Moss, Philip H.



Rev. Philip H. Moss was born Sept. 17, 1849, in Lexington, Oglethorpe County, Georgia. He received a good education from his father, Prof. Thos. B. Moss of Meson Academy, a prominent educator in that state. In 1867 he came to Lowndes County, Alabama and engaged in mercantile pursuits. He was converted under the ministry of Rev. E. Phillips at Letohatchee Church, in Lowndes County, in the summer of 1870. Soon after his conversion he became impressed that he was called to preach the Gospel, but for a long time he resisted the call. At last he yielded to the Divine will and was licensed to preach by the Fort Deposit Quarterly Conference in the fall of 1872. In December of the same year he was received on trial in the Alabama Conference at Eufaula. For three successive years he labored on the Greenville Circuit. In 1876 he was sent to Troy and Brundidge. When, at the close of the year he was transferred to the Louisiana Conference, the Alabama Conference by resolution expressed their confidence in him, approval of his work, and regret for his departure. He was sent to the Monroe and Delhi Circuit, which he served for nearly two years—until God called him. No preacher ever accomplished more there, although he had many obstacles at the very outset. The churches became alive. Under his pungent, plain and spiritual preaching, sinners were awakened and converted. Scarcely a Sunday passed without additions to the Church. In fact, his whole pastorate was a continued revival. In May 1877, at Delhi, there was a most gracious revival. It was the time appointed for Quarterly Conference but neither Presiding Elder nor any other preacher could get there because of the overflow. God stood by His servant. Eighty were added to the Methodist Church and nearly twenty to the Presbyterian. Having been returned to the Circuit, in May 1878, he married Mrs. Mollie D. Fontaine. She was a true, good wife and proved a worthy helpmate in his life work. He attended the District Conference at Waterproof the first of last August. Here God seemed to give him a special anointing. Socially, in the Conference Room, and in the pulpit, he was a power of good. He certainly had the tongue of fire. Upon his return, he found the dread Yellow Fever had made its appearance at Delhi and his wife had gone to a place of safety. He joined her and for some days remained there hoping that the Fever would disappear as there was only one case. This hope proved illusive. Several of his members were taken down. He came in and with his faithful wife worked for the Master. His labors were unceasing. He exhausted his physical powers in his work of love and mercy. By the bedside of the sick and dying, at the grave—everywhere—he was ever the true soldier of the Cross. Finally, his wife was prostrated by the scourge, and while ministering to her, he also became a victim. When consciousness returned to Sister Moss, her husband and son were buried. Almost immediately after he was attacked he became delirious. Even then, out of the abundance of the heart, the mouth spoke. His ravings were of the Church, of the sick and dying. Repeatedly he endeavored to get up and go out among the suffering. A few hours before he died, consciousness seemed to return. He knelt by his bedside and prayed; then saying to the negro nurse that he was ready to go, with the glory of Heaven already in his countenance, he fell asleep and awoke in Heaven. He was a man of prayer. His most intimate friend asserts that Bro. Moss was never by himself an hour without kneeling in prayer. He was a devoted student of God’s word. He not only read a portion each day but he studied it. Besides this, he systematically read religious books. He was well versed in our standards. With all of his studying he found time to visit all his people. He was a pastor by natural gifts and still more so by grace. He had the happy art of religious conversation. His preaching was of the Spirit and in the Spirit. His sermons were exceedingly plain, but so pointed and clinched by illustrations drawn from everyday life. In his presence you instinctively felt that God was near. Meek, humble, with an eye single to the Master’s glory, Jesus led him on, step by step. He loved the Church. The last message received from him by Rev. J. Lane Borden, assistant preacher, was: “Take care of my charge. I am busy in the Lord’s work.”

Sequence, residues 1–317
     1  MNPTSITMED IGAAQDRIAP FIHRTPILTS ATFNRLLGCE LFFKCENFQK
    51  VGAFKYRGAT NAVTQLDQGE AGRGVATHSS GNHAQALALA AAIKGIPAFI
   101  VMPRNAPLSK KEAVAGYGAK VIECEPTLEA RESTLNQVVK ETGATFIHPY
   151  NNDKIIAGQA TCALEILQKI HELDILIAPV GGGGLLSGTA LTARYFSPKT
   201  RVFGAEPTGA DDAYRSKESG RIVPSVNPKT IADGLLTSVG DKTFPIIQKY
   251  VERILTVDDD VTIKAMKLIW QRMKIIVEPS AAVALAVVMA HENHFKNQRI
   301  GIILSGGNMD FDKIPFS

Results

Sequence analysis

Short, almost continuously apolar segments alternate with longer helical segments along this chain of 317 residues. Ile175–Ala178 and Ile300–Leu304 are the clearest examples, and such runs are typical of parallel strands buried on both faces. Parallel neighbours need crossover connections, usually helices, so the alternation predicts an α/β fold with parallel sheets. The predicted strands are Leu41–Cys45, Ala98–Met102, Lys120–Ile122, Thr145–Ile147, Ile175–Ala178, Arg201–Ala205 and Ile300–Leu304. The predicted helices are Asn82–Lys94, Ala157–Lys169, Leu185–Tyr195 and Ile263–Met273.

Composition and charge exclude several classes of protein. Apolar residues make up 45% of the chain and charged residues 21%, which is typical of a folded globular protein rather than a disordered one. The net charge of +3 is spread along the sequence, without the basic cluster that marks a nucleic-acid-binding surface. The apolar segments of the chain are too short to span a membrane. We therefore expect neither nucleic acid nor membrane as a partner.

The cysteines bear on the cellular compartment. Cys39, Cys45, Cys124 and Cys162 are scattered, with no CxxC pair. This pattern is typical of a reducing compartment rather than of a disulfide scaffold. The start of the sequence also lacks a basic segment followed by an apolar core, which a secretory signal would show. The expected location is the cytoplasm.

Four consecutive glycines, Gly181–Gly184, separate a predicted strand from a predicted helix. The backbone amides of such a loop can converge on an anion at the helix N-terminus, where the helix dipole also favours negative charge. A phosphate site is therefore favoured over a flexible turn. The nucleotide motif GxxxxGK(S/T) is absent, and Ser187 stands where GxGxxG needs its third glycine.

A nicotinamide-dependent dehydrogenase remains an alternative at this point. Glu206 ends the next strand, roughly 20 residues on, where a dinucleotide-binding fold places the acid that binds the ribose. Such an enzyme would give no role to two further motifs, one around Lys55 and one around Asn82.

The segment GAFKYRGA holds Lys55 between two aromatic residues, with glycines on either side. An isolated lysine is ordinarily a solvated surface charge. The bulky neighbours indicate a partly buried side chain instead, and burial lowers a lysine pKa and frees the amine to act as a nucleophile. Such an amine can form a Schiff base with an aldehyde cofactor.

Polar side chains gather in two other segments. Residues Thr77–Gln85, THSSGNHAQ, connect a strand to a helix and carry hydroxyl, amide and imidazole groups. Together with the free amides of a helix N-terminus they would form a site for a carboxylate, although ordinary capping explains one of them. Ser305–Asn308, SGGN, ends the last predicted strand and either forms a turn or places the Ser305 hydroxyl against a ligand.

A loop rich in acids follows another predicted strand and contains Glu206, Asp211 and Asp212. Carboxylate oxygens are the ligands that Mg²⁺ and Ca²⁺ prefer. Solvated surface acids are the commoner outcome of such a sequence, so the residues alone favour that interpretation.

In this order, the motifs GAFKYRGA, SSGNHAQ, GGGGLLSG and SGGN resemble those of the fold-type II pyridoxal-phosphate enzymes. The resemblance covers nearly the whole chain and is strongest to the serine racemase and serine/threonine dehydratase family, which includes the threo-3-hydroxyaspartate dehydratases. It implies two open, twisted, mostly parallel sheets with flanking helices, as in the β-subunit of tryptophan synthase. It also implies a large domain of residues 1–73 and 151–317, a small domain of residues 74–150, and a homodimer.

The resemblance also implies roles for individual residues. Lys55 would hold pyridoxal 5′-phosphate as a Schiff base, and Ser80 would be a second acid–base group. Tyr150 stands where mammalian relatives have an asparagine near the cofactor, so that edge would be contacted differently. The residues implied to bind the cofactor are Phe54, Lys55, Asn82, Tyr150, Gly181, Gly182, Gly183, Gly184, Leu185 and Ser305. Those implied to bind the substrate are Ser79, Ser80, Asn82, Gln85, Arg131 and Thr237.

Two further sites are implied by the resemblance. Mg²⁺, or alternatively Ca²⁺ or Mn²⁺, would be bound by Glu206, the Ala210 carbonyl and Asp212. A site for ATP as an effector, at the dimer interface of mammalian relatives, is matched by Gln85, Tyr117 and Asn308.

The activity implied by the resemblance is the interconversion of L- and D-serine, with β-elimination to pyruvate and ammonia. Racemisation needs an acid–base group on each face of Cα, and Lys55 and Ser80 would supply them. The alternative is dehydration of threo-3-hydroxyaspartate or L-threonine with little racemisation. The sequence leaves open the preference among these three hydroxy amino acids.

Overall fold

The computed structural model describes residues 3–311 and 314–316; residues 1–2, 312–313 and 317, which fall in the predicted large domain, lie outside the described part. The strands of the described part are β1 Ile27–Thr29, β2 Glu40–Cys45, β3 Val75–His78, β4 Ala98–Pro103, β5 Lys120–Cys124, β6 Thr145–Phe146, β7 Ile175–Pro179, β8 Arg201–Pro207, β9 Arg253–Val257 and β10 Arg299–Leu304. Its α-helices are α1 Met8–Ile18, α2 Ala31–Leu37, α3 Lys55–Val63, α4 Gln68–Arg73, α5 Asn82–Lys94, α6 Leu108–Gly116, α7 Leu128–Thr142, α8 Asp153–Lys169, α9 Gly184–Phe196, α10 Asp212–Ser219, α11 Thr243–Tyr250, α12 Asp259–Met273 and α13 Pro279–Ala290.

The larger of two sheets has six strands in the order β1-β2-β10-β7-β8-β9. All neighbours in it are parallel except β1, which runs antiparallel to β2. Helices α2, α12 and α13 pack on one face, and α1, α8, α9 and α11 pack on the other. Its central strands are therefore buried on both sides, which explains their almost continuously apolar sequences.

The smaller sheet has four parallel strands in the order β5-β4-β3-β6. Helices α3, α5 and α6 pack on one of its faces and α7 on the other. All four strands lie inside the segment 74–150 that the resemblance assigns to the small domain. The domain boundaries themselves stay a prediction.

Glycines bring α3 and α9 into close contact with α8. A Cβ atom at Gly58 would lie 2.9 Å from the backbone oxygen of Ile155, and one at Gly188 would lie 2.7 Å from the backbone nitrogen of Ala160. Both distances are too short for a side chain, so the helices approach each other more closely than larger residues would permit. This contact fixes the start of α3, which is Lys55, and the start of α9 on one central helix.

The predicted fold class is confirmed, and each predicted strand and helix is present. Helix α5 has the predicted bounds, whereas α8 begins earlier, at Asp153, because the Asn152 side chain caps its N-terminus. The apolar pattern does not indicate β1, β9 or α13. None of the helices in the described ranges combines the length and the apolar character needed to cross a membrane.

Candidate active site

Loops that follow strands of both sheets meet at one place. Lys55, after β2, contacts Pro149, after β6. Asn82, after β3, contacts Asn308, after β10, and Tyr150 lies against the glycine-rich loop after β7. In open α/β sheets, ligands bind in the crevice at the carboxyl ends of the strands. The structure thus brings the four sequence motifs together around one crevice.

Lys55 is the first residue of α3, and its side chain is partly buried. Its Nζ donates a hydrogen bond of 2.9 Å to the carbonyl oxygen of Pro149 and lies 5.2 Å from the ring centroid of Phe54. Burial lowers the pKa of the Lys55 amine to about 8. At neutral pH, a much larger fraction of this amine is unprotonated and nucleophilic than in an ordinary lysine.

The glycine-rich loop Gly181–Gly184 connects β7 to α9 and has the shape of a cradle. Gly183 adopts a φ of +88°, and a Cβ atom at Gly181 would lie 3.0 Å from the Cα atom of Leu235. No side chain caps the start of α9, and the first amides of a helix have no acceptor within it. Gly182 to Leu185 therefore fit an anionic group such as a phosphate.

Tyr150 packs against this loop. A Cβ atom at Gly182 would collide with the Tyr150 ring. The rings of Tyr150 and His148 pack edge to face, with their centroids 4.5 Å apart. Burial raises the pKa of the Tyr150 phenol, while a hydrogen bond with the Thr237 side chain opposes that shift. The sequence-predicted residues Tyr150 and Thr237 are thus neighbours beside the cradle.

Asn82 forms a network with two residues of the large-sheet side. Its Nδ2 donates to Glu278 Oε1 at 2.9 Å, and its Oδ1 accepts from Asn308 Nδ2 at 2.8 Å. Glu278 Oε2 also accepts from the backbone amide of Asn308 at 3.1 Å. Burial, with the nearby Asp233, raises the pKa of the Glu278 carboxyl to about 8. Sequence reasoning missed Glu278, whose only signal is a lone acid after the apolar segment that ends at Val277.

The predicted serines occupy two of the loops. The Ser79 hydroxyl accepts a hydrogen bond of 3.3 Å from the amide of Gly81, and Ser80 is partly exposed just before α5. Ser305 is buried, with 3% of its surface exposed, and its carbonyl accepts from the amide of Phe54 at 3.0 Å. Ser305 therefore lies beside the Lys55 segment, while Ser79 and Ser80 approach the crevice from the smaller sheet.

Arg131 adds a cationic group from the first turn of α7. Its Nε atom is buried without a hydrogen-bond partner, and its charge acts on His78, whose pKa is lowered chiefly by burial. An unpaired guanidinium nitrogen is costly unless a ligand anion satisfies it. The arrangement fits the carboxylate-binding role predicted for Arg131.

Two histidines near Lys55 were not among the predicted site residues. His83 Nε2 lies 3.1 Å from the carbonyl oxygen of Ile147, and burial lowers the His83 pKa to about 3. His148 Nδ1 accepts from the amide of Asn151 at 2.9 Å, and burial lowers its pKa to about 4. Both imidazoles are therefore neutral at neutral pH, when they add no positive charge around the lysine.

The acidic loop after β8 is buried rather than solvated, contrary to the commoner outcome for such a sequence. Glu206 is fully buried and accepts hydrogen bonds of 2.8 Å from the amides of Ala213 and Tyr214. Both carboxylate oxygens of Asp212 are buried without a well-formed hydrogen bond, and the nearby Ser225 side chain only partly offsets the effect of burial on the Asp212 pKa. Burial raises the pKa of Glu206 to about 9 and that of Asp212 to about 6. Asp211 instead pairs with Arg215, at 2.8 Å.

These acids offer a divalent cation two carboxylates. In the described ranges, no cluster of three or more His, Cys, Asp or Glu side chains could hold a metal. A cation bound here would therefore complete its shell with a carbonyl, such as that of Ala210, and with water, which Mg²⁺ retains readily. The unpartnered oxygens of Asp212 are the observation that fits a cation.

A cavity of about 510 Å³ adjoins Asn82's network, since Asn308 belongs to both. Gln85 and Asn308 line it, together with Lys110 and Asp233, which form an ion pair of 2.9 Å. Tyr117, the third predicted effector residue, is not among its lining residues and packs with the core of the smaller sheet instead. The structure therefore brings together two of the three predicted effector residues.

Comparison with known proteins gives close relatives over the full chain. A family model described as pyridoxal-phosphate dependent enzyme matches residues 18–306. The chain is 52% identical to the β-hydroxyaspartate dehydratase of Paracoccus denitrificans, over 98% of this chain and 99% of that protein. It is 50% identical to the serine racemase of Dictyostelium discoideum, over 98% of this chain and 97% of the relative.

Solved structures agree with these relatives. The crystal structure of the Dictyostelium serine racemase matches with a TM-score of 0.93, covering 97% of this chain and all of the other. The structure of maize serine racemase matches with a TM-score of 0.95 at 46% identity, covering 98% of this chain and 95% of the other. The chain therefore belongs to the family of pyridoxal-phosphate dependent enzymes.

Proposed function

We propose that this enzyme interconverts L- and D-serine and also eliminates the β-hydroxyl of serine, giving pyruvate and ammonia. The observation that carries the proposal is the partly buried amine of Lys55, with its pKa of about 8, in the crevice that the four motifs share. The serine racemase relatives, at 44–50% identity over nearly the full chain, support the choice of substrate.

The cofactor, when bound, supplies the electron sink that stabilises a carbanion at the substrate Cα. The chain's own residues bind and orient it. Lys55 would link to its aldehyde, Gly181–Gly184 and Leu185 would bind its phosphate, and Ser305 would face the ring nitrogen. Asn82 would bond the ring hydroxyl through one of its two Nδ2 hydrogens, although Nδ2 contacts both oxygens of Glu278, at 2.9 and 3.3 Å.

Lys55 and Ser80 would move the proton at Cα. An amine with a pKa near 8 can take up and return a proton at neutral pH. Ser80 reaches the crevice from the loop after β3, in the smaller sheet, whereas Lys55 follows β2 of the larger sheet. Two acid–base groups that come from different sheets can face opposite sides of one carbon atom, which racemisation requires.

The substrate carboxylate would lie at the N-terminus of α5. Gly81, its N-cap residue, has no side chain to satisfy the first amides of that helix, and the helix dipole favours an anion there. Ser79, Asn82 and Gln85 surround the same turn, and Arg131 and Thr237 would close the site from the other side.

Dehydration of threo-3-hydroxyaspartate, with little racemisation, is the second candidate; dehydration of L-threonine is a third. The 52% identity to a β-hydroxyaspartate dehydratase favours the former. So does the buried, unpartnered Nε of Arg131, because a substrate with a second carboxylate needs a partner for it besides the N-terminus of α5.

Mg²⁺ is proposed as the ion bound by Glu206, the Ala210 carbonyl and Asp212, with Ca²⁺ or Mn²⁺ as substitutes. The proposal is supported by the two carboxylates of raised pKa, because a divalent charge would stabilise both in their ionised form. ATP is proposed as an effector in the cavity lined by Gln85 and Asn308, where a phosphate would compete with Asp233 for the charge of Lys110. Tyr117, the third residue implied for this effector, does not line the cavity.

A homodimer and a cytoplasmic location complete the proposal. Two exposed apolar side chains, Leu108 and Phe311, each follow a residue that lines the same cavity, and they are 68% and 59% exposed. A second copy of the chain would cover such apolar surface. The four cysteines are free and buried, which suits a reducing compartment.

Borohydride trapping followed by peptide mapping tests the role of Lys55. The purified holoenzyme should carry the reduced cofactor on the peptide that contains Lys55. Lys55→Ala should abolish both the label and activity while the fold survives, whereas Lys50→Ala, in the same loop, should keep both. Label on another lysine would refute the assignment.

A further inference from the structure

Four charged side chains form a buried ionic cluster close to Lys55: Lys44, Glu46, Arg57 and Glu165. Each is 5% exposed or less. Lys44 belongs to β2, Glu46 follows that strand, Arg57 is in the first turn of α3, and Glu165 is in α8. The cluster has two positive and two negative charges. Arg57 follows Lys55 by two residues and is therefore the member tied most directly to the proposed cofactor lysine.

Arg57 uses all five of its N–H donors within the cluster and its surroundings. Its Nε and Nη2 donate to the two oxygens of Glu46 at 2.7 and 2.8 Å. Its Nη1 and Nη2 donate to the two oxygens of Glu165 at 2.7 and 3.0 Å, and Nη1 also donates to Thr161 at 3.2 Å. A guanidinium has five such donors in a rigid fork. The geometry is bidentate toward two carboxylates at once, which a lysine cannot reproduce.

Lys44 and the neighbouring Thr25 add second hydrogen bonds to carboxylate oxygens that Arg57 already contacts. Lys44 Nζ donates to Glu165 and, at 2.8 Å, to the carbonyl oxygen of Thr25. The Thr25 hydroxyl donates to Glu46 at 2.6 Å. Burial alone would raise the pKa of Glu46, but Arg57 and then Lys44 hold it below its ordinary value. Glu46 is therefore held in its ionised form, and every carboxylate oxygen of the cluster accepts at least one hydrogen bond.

Source: Journal Louisiana Conference Methodist Episcopal Church, South, 1879

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